With James Bond enjoying a surge in popularity, and a recent proliferation of spy yarns from “Tinker Tailor Soldier Spy” to “Kingsman,” it seems a no-brainer to resurrect one of the most successful TV shows of the 1960s, which gave viewers two super-spies for the price of one — as well as one of that decade’s cleverest nods toward Cold War détente.
Guy Ritchie, full of confidence after his “Sherlock” outings, has produced an apt calling card for helming 007 when Sam Mendes steps down after “Spectre.” That’s if he doesn’t already have his hands full with an “U.N.C.L.E.” franchise, which he well might. Though his leads need more screen time to fine-tune their chemistry, Ritchie has created a highly entertaining, tongue-in-cheek spy caper.
Fans of the show will recall that the suave, womanizing American Napoleon Solo and intense Russian Illya Kuryakin (career-defining performances by Robert Vaughn and David McCallum) were partnered in an international law enforcement agency, their adventures featuring bantering camaraderie, gadgets, beautiful women and terrific theme music.
Ritchie and his “Sherlock” co-writer Lionel Wigram give us something the show didn’t, namely the “U.N.C.L.E.” origin story, of how the CIA and KGB agents come together. While the peculiarity of the show’s title remains (it began with Solo, hence the singular), so do the two leads, along with a female whose equal significance becomes more apparent as the film progresses.
It opens at Checkpoint Charlie in 1963, with Solo (Henry Cavill) crossing into East Berlin in search of Gaby Teller (Alicia Vikander), a German car mechanic whose scientist father has disappeared. Solo intends to extract Teller to the West, in the hope that she can help locate her dad; Kuryakin (Armie Hammer) is assigned to stop them, but eventually the three will team up with a common aim, traveling to Italy to thwart former WWII fascists (led by Elizabeth Debicki’s bling-laden mastermind) with their hands on Herr Teller and his nuclear toys.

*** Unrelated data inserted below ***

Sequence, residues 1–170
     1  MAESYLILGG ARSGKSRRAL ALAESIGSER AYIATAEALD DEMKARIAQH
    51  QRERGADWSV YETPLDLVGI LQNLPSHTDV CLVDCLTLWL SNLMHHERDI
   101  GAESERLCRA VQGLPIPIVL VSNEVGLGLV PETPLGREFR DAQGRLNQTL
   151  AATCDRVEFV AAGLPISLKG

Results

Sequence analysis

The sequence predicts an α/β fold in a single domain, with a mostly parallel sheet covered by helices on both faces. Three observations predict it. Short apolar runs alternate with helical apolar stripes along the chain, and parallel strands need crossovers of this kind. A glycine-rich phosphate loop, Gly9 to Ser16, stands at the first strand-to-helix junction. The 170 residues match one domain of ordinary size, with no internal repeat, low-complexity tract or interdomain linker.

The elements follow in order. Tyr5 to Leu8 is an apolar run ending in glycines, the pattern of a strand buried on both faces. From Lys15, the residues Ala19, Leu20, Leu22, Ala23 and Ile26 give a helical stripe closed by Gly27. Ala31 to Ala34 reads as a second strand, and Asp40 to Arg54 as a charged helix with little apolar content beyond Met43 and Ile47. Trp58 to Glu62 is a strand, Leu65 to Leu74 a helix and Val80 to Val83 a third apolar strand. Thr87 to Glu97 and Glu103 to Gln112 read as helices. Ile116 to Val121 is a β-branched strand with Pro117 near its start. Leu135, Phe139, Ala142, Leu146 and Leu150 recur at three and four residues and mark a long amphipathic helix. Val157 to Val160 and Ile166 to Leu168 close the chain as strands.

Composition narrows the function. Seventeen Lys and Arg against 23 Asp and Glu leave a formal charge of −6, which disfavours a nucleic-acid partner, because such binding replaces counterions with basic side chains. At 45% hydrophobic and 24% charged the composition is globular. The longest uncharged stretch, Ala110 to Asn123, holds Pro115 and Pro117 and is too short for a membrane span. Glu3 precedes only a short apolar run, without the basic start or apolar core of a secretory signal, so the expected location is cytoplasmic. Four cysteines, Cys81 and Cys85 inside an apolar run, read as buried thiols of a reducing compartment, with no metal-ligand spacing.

We learn that Solo is a soldier turned art thief, who’s back serving Uncle Sam to avoid a jail term; Kuryakin is a diehard Soviet – and like many diehard Soviets, has family in the gulag. If anything, their differences are more pronounced in this iteration, with Cavill decked out in Saville Row tailoring, self-assured and wryly amused, Hammer an altogether heftier and more volatile Russian than McCallum’s, his flat cap and corduroy giving the impression that at any point he might ditch the jet-setting spy malarkey and return to a collective farm.
The contrasts lend frisson and humor to the plot, whether the two men are squabbling over fashion or in the field, with the feisty Gaby proving equal parts romantic distraction, ally and thorn.
While Ritchie’s budget for international travel may be smaller than Mendes’, the visual pleasure of his film lies in the period styling, the undeniable attractiveness of the leads and the customary verve of the director’s set pieces. Two sequences stand out, each mirthfully centered around Solo’s nonchalance. The first is a car chase out of East Berlin, Solo in the back seat as Gaby drives, casually giving her directions as she and the pursuing Illya put their cars through some tremendous moves. The other comes as Solo and Kuryakin are pursued in a speedboat chase; the American somehow contrives a time out, has a spot of vino and a sandwich while listening to Louis Prima on the radio, then rejoins the action and saves the day with a splash and a final submerged shot that is simply sublime.
These sequences show Ritchie at his very best. Elsewhere, there are some misjudgements: Vikander’s out-of-place, self-consciously wacky dance scene, running jokes that run out of steam, a slightly distasteful reference to the Holocaust. It’s a great shame that the original’s scintillating signature tune was either unavailable or declined.
I also have problems believing that Cavill is American. I can’t comment on the Brit’s American accent, but there’s something about his gait here, the way he carries himself and his wardrobe that is slightly stiff and so very English. The film is awash with actors crossing borders: Jared Harris’s CIA boss, the Swedish Vikander’s German heroine, Hammer’s Russian; but this is the one that jars. If Solo’s not American, then the US-Soviet liaison doesn’t wash.
This may explain the rapport between the leads doesn’t feel quite there – they’ve still got their nationalities in a twist. They’re certainly not sparring with the panache of Downey Jr. and Law in the “Sherlock” films. That said, when Hugh Grant ambles in for what is effectively a cameo, taking the mantle of the great Leo G Carroll as “U.N.C.L.E.” boss Waverley (and, incidentally, making the character incontrovertibly English) one can easily see how the template can run and run. “For a special agent you’re not having a very special day, are you,” he admonishes one of his new spies. But they’re only just beginning.